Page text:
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Real Answers™
Copyright: © 2008 Jan White
500 words


By: Jan White

If there were a game show called “Name That Hymn,” I could make it to the final round and probably win the game. 

Growing up in church and having a mother who plays the piano and organ created a musical memory bank in my brain.  Off the top of my head, I would guess I could name most hymns in less than five notes. 

Hearing a particular hymn can take me down memory lane.  For instance, every time I hear “Blessed Assurance,” I picture an elderly lady, seated at the end of a pew, who always stood up from the first verse to the last chorus as the congregation sang this hymn, whether or not anyone else stood.  She rejoiced so in the words, praising her Lord for the comfort of knowing she belonged to Him.

I could answers questions about hymnology – the history of hymns and their composers.  Fanny Crosby, who wrote “Blessed Assurance,” and thousands of other hymns, said, “I think that life is not too long and therefore I determine, That many people read a song who will never read a sermon.”  Studying the history of a hymn makes it even more meaningful.  Crosby, a small frail woman who was also blind, could still write hymns of praise to God.

As I sat in a rocking chair in the middle of the night hoping our infant daughter would go back to sleep, I would often sing her a comforting hymn         over and over.  Two years later, while I was driving and thinking about a troubling situation, God must have known I needed to hear that comforting hymn.  Out of the silence of the car, my preschooler suddenly began singing, “Peace, peace, wonderful peace, coming down from the Father above.”  My troubled thoughts were calmed.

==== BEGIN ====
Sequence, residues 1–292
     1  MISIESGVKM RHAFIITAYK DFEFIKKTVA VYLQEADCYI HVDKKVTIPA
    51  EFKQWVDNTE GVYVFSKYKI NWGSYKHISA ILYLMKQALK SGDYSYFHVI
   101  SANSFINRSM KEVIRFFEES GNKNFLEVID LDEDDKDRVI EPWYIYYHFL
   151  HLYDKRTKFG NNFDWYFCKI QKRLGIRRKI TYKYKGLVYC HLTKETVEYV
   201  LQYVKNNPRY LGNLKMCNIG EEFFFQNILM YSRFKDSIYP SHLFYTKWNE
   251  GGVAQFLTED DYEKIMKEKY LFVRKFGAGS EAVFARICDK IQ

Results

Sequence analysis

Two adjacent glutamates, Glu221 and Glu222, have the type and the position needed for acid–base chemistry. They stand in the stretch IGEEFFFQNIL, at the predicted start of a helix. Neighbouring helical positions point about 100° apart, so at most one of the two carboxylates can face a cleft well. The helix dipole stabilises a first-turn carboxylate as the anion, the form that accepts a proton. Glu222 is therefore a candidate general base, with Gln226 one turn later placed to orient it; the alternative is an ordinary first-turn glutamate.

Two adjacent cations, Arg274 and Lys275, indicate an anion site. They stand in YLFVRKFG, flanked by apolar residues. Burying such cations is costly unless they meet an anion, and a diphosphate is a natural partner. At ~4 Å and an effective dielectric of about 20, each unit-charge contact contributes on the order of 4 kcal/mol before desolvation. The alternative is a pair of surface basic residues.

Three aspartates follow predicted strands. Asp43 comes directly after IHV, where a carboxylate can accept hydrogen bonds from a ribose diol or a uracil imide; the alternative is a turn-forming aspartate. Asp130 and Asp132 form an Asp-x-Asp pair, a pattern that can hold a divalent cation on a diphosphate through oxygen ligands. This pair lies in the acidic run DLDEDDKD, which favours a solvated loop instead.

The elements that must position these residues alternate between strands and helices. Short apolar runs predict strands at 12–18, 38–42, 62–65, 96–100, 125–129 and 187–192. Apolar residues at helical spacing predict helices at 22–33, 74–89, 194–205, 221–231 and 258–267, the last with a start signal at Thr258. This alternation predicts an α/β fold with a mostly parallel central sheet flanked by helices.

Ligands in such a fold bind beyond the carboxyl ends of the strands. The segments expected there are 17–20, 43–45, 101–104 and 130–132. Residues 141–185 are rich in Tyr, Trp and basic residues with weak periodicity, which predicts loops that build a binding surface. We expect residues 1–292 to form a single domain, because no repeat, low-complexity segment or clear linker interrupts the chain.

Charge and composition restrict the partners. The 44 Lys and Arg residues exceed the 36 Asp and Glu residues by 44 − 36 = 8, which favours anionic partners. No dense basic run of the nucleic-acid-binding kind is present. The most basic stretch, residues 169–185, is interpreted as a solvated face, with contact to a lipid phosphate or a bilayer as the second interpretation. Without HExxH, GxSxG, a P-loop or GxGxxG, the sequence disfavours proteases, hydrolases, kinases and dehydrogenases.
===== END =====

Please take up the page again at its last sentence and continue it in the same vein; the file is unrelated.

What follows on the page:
Bible scholar A.W. Tozer once wrote, “Sometimes our hearts are strangely stubborn and will not soften or grow tender no matter how much praying we do.  At such times, it is often found that the reading or singing of a good hymn will melt the ice jam and start the inward affections flowing.”


I’ve heard it said, “He who sings, prays twice.”  After all, the Apostle Paul teaches us to speak to “one another in psalms and hymns and spiritual songs, singing and making melody in your heart to the Lord” (Ephesians 5:19).  Even if you can’t carry a tune, anyone can “make a joyful noise to the Lord.” (Psalm 100).

Charles Allen has said, “There are two types of unfamiliar hymns.  One is the hymn that we have never heard or sung before.  However, another hymn that is unfamiliar is the one we have sung so many times that we sing it and never think about it.”

The next time you sing a hymn remember the words of Elizabeth Landon who said, “Music is God’s best gift to man.  The only art of heaven given to earth, the only art of earth we take to heaven.”


"Real Answers™" furnished courtesy of The Amy Foundation Internet Syndicate. To contact the author or The Amy Foundation, write or E-mail to: P. O. Box 16091, Lansing, MI 48901-6091;

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